Cause of Lewis Hamilton’s brake failure still unknown

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Brembo and Mercedes have released a joint statement confirming that they are yet to find the cause of Lewis Hamilton’s brake failure during qualifying for the German Grand Prix last weekend.

During the first stage of qualifying, Hamilton crashed in the final sector with some force after his front-right brake disc failed. The Briton walked away unharmed, but was forced to start the race from 20th on the grid. He eventually rallied to come home in third place, although he did lose more ground to championship rival and teammate Nico Rosberg, the eventual race winner.

In a statement, both Brembo and Mercedes underlined their commitment to resolving the issue despite not finding a reason for his crash yet.

“Following the accident experienced by Lewis Hamilton last Saturday at Hockenheim, Brembo and Mercedes have been working hand in hand to analyse and identify the causes of the failure,” it reads.

“There is currently no clear evidence of a single cause of failure and our continuing rigorous analysis will take into account multiple factors which could have contributed to the incident. The results of this technical analysis will be communicated as soon as they are available.

“Formula 1 is a domain of advanced development where technologies are pushed to their limits and in which strong partnerships are crucially important. Brembo and Mercedes remain committed to a close working relationship in the future.”

Hamilton finished fastest in both of today’s practice sessions for the Hungarian Grand Prix, and is chasing an unprecedented fifth victory at the Hungaroring this weekend.

Theriault clinches ARCA title before finale at Kansas

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KANSAS CITY, Kan. (AP) There is no long, convoluted story about how Austin Theriault came to Ken Schrader Racing, forging a team that so dominated the ARCA Series that it captured the title simply by showing up for the finale.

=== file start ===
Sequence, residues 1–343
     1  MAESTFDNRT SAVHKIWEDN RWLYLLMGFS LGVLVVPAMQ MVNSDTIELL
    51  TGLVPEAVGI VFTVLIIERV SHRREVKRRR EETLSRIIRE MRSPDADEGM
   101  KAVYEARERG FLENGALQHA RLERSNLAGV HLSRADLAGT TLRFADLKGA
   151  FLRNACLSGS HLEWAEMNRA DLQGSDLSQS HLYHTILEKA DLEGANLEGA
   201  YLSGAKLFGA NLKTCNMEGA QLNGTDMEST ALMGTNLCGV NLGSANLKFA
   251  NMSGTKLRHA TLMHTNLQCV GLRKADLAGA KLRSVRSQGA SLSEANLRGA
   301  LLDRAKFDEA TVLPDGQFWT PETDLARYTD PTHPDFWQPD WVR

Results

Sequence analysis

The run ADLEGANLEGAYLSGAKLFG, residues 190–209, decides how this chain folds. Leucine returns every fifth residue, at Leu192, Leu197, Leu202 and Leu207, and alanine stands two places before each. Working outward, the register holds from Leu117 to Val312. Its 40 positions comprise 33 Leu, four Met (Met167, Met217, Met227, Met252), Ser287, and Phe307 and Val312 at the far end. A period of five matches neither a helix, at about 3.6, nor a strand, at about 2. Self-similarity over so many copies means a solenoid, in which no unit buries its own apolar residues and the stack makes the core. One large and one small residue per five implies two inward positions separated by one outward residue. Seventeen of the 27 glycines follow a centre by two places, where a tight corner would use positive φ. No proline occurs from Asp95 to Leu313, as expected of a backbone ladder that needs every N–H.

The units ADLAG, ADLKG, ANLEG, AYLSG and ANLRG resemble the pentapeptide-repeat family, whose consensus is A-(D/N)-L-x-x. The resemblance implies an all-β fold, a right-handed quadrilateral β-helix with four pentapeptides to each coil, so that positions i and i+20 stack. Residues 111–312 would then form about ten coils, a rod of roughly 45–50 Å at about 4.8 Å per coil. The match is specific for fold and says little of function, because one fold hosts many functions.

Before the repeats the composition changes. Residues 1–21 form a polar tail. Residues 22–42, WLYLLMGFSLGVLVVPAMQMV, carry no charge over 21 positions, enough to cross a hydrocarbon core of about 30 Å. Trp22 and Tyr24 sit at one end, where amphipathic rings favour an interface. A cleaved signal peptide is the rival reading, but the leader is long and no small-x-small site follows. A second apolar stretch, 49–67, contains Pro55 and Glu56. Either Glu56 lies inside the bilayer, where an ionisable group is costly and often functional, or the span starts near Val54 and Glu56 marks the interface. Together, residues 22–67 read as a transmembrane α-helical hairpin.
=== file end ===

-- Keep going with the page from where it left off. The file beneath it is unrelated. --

“We both wanted something to do,” the folksy Schrader said with a smile and shrug before Friday night’s race at Kansas Speedway. “He didn’t have a car to drive and I didn’t have a driver.”

So, they solved each other’s problem.

Theriault hopped into the seat and proceeded to win seven times over the first 19 races, building such a lead on his nearest challenger that he sewed up the title at Kentucky. And that made for a rather enjoyable weekend at Kansas, where all the pressure was off their team.

Along the way, Theriault became the first driver to win at a superspeedway, short track, dirt track and road event in the same season, and he swept the superspeedway and short-track challenges.

If there was something to win, he won it.

“I hoped we’d have a shot at it and it’s proved out this year that we’ve really exceeded anybody’s expectations,” Theriault said. “We had some things to work on early. We kind of dusted off a bit, went back to work. We had some time between Daytona and the mile-and-a-halfs that came up later in the season, and we realized where we were strong and where we had to work.

“But in the end it came back to pure dedication, I think,” he explained. “The amount of time it took behind the scenes to make this happen.”

The 23-year-old driver from Fort Kent, Maine, knows something about dedication. He appeared to be on racing’s fast track, scoring a Truck Series ride a few years ago for Brad Keselowski, when a terrifying crash at Las Vegas left him with a broken back and sitting on the sidelines.

The best ride he could find last year was in the K&N Pro Series.

It was at a trade show in Indianapolis last December that Theriault ran into Schrader, who was busy putting together a team for this season. They had dinner a couple nights later and, Schrader said, it was his wife Ann who came away impressed by the yes-sir, no-sir driver.

“My wife doesn’t go to all the races,” Schrader said. “After we talked she said, `I like that guy. How good is he?’ She doesn’t know. I knew he was racing well in Keselowski’s truck, had an unfortunate wreck, had to sit out a bit. I told her, `That’s somebody who could make us very happy next year.”‘

Theriault delivered on that promise.

They weren’t the only ones happy Friday, either. Zane Smith earned his second pole of the season, beating teammate Sheldon Creed to earn the top spot for the Kansas ARCA 150, while 20-year-old Natalie Decker announced a full-time ride with Venturini Motorsports next season.

“This is obviously a big step in my career,” said Decker, who made six starts as a rookie this season. “I’m confident and ready for this next move. After tonight my focus shifts to next season. We’ll be ready to go at Daytona.”